Climbing the Dunes
Trip Start Jun 15, 2013
33Trip End Jul 17, 2013
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Where I stayed
What I did
We had a bit of a walk to get to the start of the dune. I left my shoes in the car (I made the poor choice to not carry my backpack and just my camera instead), so Beth (who wore shoes) had a much easier walk to the dune than I did. Do remember that nothing good comes from any of the plants due to the thorns, burrs, etc., and the ground had plenty of plant-like objects covering it. Thankfully, by some strange coincidence, few of them were actually painful when stepped on.
Of course, a quick hike to the car would be too simple.
Beth and I decided we didn’t want to climb up a small dune to get to the car, so we continued walking along the flat area. We knew we passed at least one other area with the dead trees, so when we got to one, it wasn’t surprising. We continued on, thinking surely we would see people cars at any time. We walked forever and weren’t sure why we hadn’t reached Matt yet. Keep in mind, I was still barefoot during this whole duration, hiking over rocks, through course sand, etc.
At one point I saw a very large insect. I wasn’t convinced it was dead, despite how still it was, so I didn’t stop near it to take a picture. It had to be about 1/3 – ½ the size of my foot, and looked like a cricket with a transparent shell/body.
Eventually, we realized that there were no longer human tracks in the sand and only animal prints (primarily what appeared to be oryx based on what we saw during the drive into the park). We were quite certain we went too far, and this was confirmed when we were surrounded by sand dunes.
On the way back, I kept hearing this awful animal noise. I looked around repeatedly, convinced that it was probably something that was going to eat me, and finally found a crow sitting atop of a bare tree. Phew!
We turned around to head back. I had to stop four times to pick thorns out of my feet. Finally, we heard people, climbed up the little dune we originally didn’t want to climb, hiked the 20-minute walk back to the car, and, an hour later than it should have taken, we arrived at the car and told Matt of our endeavor. He laughed and said we were the first people to get lost.
Only five minutes later, from their much longer and more strenuous hike, Ali and Pia arrived at the car. Beth and I couldn’t help but laugh at how long our detour took (we should have been able to climb another smaller dune before they got back…oops).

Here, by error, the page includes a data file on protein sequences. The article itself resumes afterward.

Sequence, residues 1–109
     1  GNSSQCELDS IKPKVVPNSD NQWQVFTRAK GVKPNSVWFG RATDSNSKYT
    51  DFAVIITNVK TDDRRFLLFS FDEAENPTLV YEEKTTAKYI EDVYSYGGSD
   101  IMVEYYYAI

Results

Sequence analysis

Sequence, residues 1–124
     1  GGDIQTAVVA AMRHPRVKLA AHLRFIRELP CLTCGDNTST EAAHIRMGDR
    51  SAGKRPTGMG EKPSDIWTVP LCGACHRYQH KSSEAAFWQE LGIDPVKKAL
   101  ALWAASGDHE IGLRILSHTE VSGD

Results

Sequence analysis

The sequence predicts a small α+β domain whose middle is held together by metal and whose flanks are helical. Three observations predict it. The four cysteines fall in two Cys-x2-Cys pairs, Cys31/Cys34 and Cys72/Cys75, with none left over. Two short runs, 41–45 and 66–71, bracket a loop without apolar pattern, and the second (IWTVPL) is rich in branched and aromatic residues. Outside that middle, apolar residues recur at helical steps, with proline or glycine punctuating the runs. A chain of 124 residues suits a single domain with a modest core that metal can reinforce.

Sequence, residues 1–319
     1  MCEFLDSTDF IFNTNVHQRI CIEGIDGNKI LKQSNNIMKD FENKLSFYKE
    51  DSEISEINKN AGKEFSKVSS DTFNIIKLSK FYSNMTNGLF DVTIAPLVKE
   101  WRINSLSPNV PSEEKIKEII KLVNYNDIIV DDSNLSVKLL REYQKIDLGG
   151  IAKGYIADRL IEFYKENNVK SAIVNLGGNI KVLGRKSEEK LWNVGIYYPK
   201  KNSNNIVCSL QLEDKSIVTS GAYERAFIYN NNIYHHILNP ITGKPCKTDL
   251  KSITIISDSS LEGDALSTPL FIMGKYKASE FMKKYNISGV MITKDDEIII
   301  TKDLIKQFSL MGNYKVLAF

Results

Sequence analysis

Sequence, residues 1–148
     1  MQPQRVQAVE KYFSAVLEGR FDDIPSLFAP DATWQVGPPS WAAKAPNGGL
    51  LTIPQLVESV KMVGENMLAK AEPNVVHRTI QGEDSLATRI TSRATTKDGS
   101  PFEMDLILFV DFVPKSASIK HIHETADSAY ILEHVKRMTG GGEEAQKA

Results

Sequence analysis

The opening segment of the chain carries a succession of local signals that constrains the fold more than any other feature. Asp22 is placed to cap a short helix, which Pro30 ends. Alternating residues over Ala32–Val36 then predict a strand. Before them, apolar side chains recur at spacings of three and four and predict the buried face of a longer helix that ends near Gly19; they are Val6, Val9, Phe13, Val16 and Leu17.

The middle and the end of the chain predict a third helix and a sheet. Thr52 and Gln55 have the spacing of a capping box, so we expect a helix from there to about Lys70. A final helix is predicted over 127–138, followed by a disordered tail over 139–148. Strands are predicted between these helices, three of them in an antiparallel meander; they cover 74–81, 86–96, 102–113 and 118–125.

This was also around the time that I learned about a few events that took place while Fiona and I took a different path down the canyon than the others had yesterday. Apparently Sven had stood atop of a big rock/boulder while everyone took a break. The boulder was only about a meter from the cliff’s edge, and, right as Sven began to step off to the side, the boulder rolled backwards and fell several hundred meters down the canyon. Everyone is convinced Sven almost died yesterday. He had no idea it was even happening. Also, Beth slipped and fell a ways down the canyon. I am so thankful I didn’t know any of this yesterday; otherwise I’m sure I would have been certain I was going to die.
We headed back to Neuras. The other part of our group (they are going to Sossusvlei on Thrusday) worked on a little craft project. On Friday we are going to Solitaire, which is a cheetah conservation site that Matt and Kate used to work at before they were relocated to run Neuras. Solitaire has several captive cheetahs that live in a large enclosure (so large that we get to track them by their collars in order to see them and check on them). In order to provide them with a bit of fun and exercise, the volunteers make “prey” and stuff it with horse meat. The cheetahs get to tear apart the prey and get into the compartments in order to eat the meat. It is known as “enrichment”. The group that stayed behind (Alison, Sven, Chris, Matt, Maria, Brittany, and Fiona) made an octopus with six legs… so really a hexapus. It’s quite impressive and has 8 compartments for the meat (six legs plus the head and the body). We will make our enrichment creature on Thursday while the other group is at Sossusvlei.
Supper time… we had something similar to macaroni and cheese with mushrooms. It was quite good, but I tired of the texture quickly. This was paired with a salad. Conversation again turned to countries’ foods, and the same arguments arose…. This time it was a bit more dynamic as more people were involved: A German (Sven), two Canadians (Brittany and volunteer Matt), three Americans (Duke Matt, Maria, me), four British (Chris, Neuras Matt, and Alison), a Swiss (Pia), an Australian (Fiona), and an Italian (Ali). Thankfully, the conversation turned to words that Americans and British pronounce differently and quickly Australians were added into the mix. We definitely exploded with laughter and conversation. I have to say that I think my favorite part of my experience at the N/a’an Ku Sê sites is the conversations we have at supper at Neuras. I laugh so much and feel right at home with these people. Everyone is likeable, and I enjoy being around them.
Now it’s bedtime. I’m quite sore and tired after the dunes. Maybe I’ll read a bit.